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What keeps us up at night

By Staff | Jun 17, 2022

The School District of Lee County’s new administrative chief outlined his “entry plan” this week, committing to more community input, a good workplace environment and a strong focus on learning and educational excellence.

While these may seem like obvious goals, School Superintendent Christopher Bernier delivered them with the kind of passion that makes rote recitation reality, and we wish him every success in a district that has its share of challenges, both pandemic driven and historical.

We thank Dr. Bernier for an entry plan that targets much of what ails us — and many other districts as well. We wish him and his team every success as he “listens, learns and plans” so as to foster college- and career-ready young adults while reaching out to parents and the community at large.

“I will continue to say it out loud. As we create and commit to equitable instructional processes that meet the academic, social and emotional needs of every learner in our care, I really want to focus on the last three words — ‘in our care.’ We are in ‘loco parentis’ when we have somebody else’s child, but that doesn’t prevent us, nor should it stop us, from communicating with parents and guardians to ensure that as we’re developing young people both academically, socially and emotionally that we are working in concert with their values and their beliefs,” he said.

“This is not a listening tour,” Dr. Bernier said of his plan to garner input from parents and the community, whose perspectives he knows might vary from that of the school board and district staff. “It is the beginning of a community engagement process and commitment that I will be out with the community asking critical questions of what is working, what isn’t working and what keeps you up at night.”

Let up help kick off the input process by outlining two things that keep us wide awake.

The first is student achievement at the core level –what we old timers used to call reading, writing and ‘rithmatic.

Without proficiency in the skills that provide the foundation for all learning that follows, students struggle.

Every day.

Every subject.

Every year.

Trained educators know this.

Parents feel it.

But it is the children who live it.


In March, the district shared concerning news. The shortened school year as the pandemic opened followed by a non-traditional school year that included distance learning, followed by the current school year fraught with absenteeism, staff shortages and the need to play academic catchup, caught up to our kids with the potential for serious long-term effects.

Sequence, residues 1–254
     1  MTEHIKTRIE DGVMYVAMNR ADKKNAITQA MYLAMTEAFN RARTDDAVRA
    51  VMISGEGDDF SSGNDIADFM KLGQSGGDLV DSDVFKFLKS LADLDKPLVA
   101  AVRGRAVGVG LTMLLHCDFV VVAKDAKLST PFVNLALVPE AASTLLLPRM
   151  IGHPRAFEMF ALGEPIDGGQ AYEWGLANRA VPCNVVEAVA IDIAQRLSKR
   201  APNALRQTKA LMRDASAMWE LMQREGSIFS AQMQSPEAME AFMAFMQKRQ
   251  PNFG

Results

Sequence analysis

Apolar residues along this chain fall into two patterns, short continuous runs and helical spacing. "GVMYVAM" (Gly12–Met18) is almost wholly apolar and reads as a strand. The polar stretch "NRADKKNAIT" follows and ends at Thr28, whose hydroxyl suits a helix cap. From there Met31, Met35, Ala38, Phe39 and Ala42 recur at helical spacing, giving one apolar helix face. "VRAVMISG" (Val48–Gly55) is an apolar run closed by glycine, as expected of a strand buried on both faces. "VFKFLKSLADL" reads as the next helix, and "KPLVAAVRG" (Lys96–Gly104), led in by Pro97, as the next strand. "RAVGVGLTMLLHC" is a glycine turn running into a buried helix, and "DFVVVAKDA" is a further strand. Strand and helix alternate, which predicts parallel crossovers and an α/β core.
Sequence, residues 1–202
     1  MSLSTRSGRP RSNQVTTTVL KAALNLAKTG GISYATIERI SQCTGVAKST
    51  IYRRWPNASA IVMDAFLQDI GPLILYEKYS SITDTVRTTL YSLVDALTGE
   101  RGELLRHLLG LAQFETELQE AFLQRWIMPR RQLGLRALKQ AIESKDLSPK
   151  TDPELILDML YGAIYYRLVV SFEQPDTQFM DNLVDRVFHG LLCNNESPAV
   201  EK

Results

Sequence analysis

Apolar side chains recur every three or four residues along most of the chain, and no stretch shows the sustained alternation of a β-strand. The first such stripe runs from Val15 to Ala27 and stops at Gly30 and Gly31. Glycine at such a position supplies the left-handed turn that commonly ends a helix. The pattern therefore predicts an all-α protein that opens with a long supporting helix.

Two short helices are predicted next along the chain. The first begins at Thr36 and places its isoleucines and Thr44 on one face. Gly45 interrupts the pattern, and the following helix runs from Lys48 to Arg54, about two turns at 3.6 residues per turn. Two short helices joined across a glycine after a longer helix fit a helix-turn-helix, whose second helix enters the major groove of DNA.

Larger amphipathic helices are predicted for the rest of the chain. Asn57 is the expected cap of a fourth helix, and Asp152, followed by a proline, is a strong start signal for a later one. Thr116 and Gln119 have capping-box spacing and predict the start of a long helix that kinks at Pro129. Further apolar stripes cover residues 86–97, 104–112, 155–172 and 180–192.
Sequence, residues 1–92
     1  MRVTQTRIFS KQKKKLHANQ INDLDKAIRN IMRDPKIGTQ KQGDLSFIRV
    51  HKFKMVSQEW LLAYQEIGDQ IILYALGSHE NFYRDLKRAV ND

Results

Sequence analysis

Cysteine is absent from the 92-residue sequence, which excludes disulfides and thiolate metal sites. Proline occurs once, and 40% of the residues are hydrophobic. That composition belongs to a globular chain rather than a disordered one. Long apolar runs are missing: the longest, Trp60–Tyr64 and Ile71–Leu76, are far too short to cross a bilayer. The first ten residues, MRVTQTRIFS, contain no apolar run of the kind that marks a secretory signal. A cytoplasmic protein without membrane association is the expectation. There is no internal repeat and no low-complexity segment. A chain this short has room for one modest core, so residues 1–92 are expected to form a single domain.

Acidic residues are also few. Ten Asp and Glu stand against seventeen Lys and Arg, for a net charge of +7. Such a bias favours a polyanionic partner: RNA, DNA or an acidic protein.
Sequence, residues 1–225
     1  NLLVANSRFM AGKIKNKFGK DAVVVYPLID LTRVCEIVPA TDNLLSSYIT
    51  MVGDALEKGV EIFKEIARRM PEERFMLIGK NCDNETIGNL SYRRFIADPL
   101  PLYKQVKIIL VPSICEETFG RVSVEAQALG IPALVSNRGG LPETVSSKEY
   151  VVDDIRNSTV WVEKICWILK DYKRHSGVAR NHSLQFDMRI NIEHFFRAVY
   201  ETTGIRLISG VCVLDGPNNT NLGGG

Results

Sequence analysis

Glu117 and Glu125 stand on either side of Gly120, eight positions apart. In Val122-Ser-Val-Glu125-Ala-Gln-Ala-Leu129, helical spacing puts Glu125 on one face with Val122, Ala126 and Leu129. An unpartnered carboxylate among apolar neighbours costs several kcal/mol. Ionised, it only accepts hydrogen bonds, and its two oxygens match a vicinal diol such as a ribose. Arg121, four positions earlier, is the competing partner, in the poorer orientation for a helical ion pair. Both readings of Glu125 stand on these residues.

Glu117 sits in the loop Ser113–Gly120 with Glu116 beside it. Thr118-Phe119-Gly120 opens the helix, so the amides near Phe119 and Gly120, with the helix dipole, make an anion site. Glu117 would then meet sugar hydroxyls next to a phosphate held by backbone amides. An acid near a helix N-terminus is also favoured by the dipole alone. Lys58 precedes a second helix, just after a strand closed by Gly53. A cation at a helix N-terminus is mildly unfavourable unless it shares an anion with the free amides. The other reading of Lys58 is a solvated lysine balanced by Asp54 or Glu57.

With key assessment tests then still pending, 56 percent of second graders — kids who never got the benefit of a “normal” school year — were performing at a kindergarten level in reading basics.

Teachers were forced to start over with fourth-quarter kindergarten phonics with these struggling little guys because, as Teaching and Learning Director Dr. Bethany Quisenberry succinctly put it, “You need phonics to be able to read. What we are seeing with first and second grade students is they are still unable to read.”

The state test scores have since come in.

They are abysmal. One could, without exaggeration, call them the beastie under the educational box springs.

Fewer than half of the third graders enrolled in Lee public schools passed the state test for reading this year.

Only 48 percent received a score of 3 or higher — with a 3 being the passing point of the five-level scoring system — in the spring English Language Arts assessment.

That’s a whopping 10-point drop over 2019.

Even scarier?

Only 20 percent of School District of Lee County students scored at a Level 4 or 5 with approximately 79 percent or so not yet proficient in reading and so not likely to succeed in their course work next year without additional intervention.

According to the state rating system, 29 percent showed a reading level that is “inadequate” and will begin fourth grade in need of substantial support to succeed. Twenty-three percent scored “below satisfactory” and will begin fourth grade likely in need support. Twenty-seven percent, scoring at a satisfactory level, will begin their next school year still in need of some support to move on to fourth-grade level courses.

So yes, an emphasis on student achievement, especially in the basics.

The second thing that keeps us up at night?

The politicalization of education here in Lee County.

It’s not new.

It started, in fact, with the move to single-member districts, which eliminated the right of every Lee County voter to cast a ballot for every seat on the School Board of Lee County.

This has fostered — we will be kind — a factions-fraught policy-setting board as it takes far fewer voters to win a particular district seat, save for the two still at-large.

It has moved now to a state-driven, politically rail-roaded referendum on the General Election ballot to make the superintendent of schools — the top administrative post — an elected, i.e., partisan position, all-but-unheard-of in large districts such as we have here in Lee.

We’ll not delve deep today on the initiative Lee County voters will decide on Nov. 8.

But we will say it is a diversion from the task at hand — to not only catch back up on the 10-point drop in benchmark reading scores, but to put our educational emphasis on classroom learning.

Which is where it should be.

Let that be something to sleep on.

— Breeze editorial